Bosco Sodi (b. 1970, Mexico City) is known for his richly textured, vividly colored large-scale paintings. Sodi has discovered an emotive power within the essential crudeness of the materials that he uses to execute his paintings. Focusing on material exploration, the creative gesture, and the spiritual connection between the artist and his work, Sodi seeks to transcend conceptual barriers. Sodi leaves many of his paintings untitled, with the intention of removing any predisposition or connection beyond the work’s immediate existence. The work itself becomes a memory and a relic symbolic of the artist’s conversation with the raw material that brought the painting into creation. Sodi’s influences range from l’art informel, looking to artists such as Antoni Tàpies and Jean Dubuffet, to master colorists such as Willem de Kooning, Mark Rothko, and the bright hues of his native heritage.

What does ‘culture’ mean to you?

Culture connects us to our core self. It makes people better individuals while broadening our perspective to new ways of envisioning life. We cannot treat culture as a commodity. Culture has to be something that makes a difference for ourselves. I don’t trust the mass production of culture. Culture has to provide unique and important experiences. A more cultured humanity has much more options to choose from. The more information we have, the better decisions we can make. Through making better decisions, we have a better understanding socially and politically.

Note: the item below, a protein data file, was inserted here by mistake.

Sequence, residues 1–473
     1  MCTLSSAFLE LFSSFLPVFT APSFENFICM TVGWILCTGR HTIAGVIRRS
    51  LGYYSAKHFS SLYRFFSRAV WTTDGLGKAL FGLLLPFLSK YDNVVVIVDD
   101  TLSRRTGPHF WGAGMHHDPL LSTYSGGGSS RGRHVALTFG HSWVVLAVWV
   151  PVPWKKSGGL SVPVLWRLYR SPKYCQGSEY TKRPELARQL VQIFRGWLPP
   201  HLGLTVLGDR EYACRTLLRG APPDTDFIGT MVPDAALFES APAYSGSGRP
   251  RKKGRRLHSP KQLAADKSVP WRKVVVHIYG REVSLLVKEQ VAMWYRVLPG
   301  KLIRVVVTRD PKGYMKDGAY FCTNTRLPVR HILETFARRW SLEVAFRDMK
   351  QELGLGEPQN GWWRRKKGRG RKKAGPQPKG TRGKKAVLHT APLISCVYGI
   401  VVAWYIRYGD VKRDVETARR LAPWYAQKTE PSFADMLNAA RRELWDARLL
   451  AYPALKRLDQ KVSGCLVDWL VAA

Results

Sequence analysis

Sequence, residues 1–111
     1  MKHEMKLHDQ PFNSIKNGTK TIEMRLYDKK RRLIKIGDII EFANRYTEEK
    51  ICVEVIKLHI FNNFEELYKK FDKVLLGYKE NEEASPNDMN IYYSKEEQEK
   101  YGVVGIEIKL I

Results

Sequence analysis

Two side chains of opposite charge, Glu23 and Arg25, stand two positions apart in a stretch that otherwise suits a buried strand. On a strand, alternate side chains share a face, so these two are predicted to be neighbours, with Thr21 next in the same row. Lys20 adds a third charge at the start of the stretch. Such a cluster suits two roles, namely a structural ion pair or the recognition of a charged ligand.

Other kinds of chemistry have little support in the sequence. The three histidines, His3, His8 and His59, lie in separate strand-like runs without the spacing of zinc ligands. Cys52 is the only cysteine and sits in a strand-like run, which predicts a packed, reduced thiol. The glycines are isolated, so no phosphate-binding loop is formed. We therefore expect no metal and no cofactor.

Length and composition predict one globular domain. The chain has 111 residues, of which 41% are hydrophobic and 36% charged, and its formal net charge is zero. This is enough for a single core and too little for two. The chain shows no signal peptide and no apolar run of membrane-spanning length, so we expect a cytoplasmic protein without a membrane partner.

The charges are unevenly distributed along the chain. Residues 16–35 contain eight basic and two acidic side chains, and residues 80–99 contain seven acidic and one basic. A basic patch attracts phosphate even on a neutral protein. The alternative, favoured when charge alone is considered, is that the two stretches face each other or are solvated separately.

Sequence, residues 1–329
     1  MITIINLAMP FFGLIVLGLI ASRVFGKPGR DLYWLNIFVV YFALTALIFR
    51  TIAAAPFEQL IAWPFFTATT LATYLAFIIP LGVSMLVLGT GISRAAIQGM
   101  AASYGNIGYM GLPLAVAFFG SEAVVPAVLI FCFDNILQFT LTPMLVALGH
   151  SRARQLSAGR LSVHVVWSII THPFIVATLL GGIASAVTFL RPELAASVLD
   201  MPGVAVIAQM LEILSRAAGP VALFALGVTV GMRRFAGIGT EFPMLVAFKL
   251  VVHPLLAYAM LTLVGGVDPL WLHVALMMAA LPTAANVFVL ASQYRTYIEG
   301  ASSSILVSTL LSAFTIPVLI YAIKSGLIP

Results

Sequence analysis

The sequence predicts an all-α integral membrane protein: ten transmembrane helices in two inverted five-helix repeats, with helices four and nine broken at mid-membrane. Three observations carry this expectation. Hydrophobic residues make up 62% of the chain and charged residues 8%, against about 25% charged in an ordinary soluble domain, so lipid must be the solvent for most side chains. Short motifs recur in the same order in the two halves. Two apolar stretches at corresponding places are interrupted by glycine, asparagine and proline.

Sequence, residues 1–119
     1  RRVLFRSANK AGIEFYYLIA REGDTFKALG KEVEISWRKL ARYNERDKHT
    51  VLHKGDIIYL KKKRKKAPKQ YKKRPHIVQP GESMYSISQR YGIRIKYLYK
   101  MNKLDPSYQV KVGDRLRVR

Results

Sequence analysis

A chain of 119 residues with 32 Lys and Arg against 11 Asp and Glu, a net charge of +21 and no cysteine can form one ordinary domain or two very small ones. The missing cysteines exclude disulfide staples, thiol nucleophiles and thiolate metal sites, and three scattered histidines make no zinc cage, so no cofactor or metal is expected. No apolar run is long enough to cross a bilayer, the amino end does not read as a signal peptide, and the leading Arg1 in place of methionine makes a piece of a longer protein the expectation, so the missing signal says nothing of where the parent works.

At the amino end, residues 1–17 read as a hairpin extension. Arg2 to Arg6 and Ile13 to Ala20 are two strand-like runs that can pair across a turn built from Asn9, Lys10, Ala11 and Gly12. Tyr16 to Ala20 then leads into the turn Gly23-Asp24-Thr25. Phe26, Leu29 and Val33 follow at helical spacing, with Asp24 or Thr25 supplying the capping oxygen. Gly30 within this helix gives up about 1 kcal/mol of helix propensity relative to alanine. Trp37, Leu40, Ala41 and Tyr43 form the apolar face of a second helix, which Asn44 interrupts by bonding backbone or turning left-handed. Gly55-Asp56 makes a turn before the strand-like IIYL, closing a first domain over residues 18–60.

What do you believe are the key criteria for a leading culture destination? 

Art, traditions, and food are for me the most important culture signifiers for a cultural destination. In the future, social compromise, sustainability, and well developed programs will differentiate the most successful cultural destinations. Institutions and locations need good programs, presentation, and architecture. I think any new cultural destination has to make an effort towards utmost sustainability. While it is the cultural promoters’ obligation to work towards it, it is just as significant,  if not more, to foster education programs and social engagement within the community. 

How important is digital media in creating new audiences for destinations?  

It is becoming increasingly important. Digital media is faster, cheaper and immediate. People can instantly see what is happening at any location at any moment. It gives much more exposure to the destination. Social media provides harm and good to culture. The dissemination of information is very important. However, mass globalization’s damage to local identity is a very large problem.  

Tell us about the lesser known cultural destination you most love and why you love them...  

The Noguchi Museum in New York has great programme and it is a beautiful and quiet place to spend an afternoon. Magazzino, in NY state, is a great place to see amazing Arte Povera installed inside a charming building. Fundación Casa Wabi is my life project and a unique place with a very strong social compromise. My experience with Fundación Casa Wabi has been the most interesting for me. The experience of witnessing people traveling very far distances to see our exhibitions, our programs, and the buildings is very unique. Creating experiential art is an effective way to activate an area that did not have this previously. It brings prosperity to a region spiritually, and economically. Fundación Casa Wabi has community involvement within the core of its program. For the foundation and myself, the local community is the most important part of the general public, especially children. 

How important do you think arts and culture is as a destination driver?  

Arts and culture are becoming more important for travellers. People want to visit locations that have arts and culture to experience. The art of a destination can make all the difference, It can really make a trip truly special. People travel around the world looking for culture as the primary goal for their exploration. It is what defines their journey.